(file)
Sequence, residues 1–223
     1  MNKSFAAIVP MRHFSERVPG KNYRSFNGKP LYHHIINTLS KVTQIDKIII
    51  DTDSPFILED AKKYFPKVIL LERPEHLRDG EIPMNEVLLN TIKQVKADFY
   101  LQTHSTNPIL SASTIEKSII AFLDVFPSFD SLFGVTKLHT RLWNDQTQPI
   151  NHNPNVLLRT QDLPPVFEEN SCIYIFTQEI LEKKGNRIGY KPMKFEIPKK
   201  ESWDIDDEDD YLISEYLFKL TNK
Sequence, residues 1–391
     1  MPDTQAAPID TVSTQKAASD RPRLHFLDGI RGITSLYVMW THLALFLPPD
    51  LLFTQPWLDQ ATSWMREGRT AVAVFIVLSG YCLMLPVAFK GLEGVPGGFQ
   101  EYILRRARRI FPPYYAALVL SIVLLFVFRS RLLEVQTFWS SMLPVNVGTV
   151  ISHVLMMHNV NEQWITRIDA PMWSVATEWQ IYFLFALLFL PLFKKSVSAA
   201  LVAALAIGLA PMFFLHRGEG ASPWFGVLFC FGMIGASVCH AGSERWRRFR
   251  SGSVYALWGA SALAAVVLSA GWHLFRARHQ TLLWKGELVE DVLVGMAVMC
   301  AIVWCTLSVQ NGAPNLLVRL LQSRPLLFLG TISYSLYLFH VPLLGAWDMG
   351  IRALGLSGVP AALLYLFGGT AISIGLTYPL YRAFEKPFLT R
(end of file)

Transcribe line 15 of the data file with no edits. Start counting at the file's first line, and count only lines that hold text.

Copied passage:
   351  IRALGLSGVP AALLYLFGGT AISIGLTYPL YRAFEKPFLT R